February 9, 2019

Kluge: The Haphazard Construction of the Human Mind is a non-fiction book by American psychologist Gary Marcus. A “kluge” is a patched-together. May 30, Kluge: The Haphazard Construction of the Human Mind by Gary Marcus pp, Faber, £ Why do I find it so difficult to remember a string. Kluge: The Haphazard Construction of the Human Mind. Gary Marcus. Boston, MA: Houghton Mifflin, pages, ISBN: (hbk); $

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To see what your friends thought of this book, please sign up. Niente a che vedere con un progetto o una direzione, l’evoluzione ha usato strutture pre-esistenti per adattarsi. I find the style off-putting, but this may be ascribed to a residual cisatlantic snobbery. Is there anything in Marcus’ book not covered by Linden?

This is the part that all of the fuss is about. Want to Read saving….

Kluge: The Haphazard Construction of the Human Mind

And he’s a snappy writer. He also recommends some ideas on how to get past these mind design failures.

While you have some personality weaknesses, you are generally able to compensate for them. High-energy foods leading to the pleasure of dopamine release motivated our ancestors to crave these foods, and get the energy needed to survive. The human mind is a fantastic kluge and it is a quirky yet magnificent product of the entirely blind process kf evolution. In tje words, despite its reliability in As this book suggests, the human mind is a mixture of inconsistencies.

At the conclusion of the book, Marcus outlines a course of action for helping people and society become more rational. First of all, I learned a new word in reading “Kluge”, and I have used that word in conversation already.


It is usually limited to the realm of the Arts, where it ‘exists’ only as an Ideal, but is conetruction in philosophy and reasoning as well.

Kluge: The Haphazard Construction of the Human Mind by Gary F. Marcus

In Kludge, Gary Marcus highlights a number of design problems with the mind and explains the corresponding evolutionary reasons why these problems have arisen.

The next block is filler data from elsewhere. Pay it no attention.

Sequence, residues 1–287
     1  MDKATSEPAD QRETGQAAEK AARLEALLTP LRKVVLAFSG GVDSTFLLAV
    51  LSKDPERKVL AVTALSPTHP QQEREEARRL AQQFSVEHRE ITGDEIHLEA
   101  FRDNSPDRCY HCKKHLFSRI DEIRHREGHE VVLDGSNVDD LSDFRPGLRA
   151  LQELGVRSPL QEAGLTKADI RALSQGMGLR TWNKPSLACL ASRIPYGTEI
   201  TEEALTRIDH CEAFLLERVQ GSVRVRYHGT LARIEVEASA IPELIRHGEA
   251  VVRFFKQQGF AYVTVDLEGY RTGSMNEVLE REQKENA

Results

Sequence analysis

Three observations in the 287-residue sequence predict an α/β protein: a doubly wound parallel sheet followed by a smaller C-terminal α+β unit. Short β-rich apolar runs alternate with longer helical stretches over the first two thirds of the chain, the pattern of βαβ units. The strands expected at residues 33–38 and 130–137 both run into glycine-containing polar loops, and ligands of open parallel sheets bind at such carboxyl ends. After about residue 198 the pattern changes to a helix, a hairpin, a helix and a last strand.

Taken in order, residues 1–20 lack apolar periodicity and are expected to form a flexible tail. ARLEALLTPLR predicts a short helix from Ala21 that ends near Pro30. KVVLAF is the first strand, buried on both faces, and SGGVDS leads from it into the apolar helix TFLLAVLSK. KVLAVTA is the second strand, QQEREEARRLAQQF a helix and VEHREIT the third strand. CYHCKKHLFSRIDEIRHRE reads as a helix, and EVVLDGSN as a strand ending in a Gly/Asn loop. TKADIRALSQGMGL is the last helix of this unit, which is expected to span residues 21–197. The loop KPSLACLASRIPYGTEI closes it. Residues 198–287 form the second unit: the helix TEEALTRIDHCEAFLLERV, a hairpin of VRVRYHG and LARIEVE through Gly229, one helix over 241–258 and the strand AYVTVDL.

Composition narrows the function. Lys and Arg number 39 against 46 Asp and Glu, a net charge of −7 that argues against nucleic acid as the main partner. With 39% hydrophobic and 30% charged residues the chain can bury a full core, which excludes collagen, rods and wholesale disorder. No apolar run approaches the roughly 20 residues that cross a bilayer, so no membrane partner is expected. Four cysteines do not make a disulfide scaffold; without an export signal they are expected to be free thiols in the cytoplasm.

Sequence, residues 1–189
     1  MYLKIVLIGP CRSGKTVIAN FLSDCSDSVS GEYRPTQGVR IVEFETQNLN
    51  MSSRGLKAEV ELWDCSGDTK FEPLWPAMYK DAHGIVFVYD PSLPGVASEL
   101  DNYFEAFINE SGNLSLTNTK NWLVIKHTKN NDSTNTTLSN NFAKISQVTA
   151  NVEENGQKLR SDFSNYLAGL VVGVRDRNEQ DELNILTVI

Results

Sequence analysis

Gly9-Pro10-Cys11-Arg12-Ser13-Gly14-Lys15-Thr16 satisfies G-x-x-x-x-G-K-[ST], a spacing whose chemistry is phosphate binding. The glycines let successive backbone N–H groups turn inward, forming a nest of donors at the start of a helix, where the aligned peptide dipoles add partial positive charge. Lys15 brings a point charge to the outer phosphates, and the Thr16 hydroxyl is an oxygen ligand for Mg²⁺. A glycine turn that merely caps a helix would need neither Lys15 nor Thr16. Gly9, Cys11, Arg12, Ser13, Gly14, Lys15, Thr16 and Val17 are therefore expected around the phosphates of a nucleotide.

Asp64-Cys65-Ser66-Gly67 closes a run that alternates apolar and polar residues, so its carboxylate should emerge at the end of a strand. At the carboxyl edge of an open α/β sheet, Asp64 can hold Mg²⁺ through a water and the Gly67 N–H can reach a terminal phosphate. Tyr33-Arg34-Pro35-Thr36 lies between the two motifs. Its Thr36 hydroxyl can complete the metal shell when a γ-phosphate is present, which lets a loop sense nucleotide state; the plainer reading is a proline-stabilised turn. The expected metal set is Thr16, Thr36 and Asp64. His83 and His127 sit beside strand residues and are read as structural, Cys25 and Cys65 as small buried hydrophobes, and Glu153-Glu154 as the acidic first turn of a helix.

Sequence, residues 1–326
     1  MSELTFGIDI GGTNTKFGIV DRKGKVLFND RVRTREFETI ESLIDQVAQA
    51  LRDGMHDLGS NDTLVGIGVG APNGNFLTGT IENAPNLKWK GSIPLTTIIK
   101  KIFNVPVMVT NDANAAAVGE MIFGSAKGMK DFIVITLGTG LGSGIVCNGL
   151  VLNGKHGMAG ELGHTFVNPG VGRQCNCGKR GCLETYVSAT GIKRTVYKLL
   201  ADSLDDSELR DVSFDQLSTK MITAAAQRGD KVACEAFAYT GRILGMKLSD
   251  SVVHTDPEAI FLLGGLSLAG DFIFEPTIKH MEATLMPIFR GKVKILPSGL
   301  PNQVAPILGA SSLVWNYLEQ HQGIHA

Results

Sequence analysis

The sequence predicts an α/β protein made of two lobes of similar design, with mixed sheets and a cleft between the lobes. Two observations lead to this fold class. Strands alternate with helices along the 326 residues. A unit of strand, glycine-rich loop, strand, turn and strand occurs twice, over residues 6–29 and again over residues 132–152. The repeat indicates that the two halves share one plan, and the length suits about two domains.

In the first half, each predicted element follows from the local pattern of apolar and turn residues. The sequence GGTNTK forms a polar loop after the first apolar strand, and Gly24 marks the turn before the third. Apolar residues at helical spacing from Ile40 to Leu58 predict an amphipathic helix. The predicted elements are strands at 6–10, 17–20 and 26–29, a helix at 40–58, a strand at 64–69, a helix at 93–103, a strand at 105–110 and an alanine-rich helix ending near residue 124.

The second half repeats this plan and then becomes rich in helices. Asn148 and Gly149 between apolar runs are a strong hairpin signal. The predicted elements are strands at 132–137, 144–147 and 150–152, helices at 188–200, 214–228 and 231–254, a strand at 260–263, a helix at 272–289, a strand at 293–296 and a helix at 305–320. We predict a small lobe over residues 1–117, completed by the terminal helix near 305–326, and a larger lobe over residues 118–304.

The chapter on language is especially fascinating, the chapters that cover rationalizations and happiness are more squirm-inducing than otherwise. The hindbrain has been around the longest and is in charge of the real basics, breathing, hunger, balance, awareness, things that animals need from humble newt on “up.

We get drunk, embark on non-procreative sex for mere pleasure, and may even sacrifice our lives for some perceived cause that has nothing to do with increasing our inclusive genetic fitness. A love of sugar and fat developed out of this scarcity of food. Another day, another gripe about irrationality and cognitive deficiencies. Nov 15, Melody rated it really liked it. Throughout, he shows how only evolution — haphazard and undirected — could have produced the minds we humans have, while making a brilliant case for the power and usefulness of imperfection.

Jun 28, Robert rated it really liked it. The reflexive is the older of the two, good at quick thinking. According to Marcus, in favor of easier, prior beliefs, we often suspend a careful analysis of what really is. This is a short almost too short and accessible introduction to the idea that the human mind is, well, not as perfect as we like to believe.

Most of these points seem worth pursuing, if for nothing else making oneself and others a little less susceptible to advertisers, and I might take a the book out from the library a second time just to go over that last chapter again. He ends the book with some advice on how we can handle our imperfect minds – sort of like a self-help book on how we can deal with our klugey minds.

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Want to Read Currently Reading Read. It is a great metaphor for our everyday acceptance of the idiosyncrasies of the human mind, imaginably impressive, a lot better than any available alternative. He does justifiably grind his ax against the absurdity of creationism at times, but overall the book is very light-hearted, amusing, and engaging.

It suggests that we evolved enough to surive, rather than to the very best, so many human systems the spine, our reasoning capacities, even language is just “good enough”, and often not the optimal, but rather a kluge which does the job needed but nothing more. Mar 21, Colin rated it it was amazing. To be human, therefore, means to be quintessentially ‘imperfect’: There are plenty of great reviews on Goodreads which summarise and review.

This guy read like 10 books by Dan Ariely, then wrote a book report about it.

This is a book where if you are paying close enough attention you might see yourself over and over again.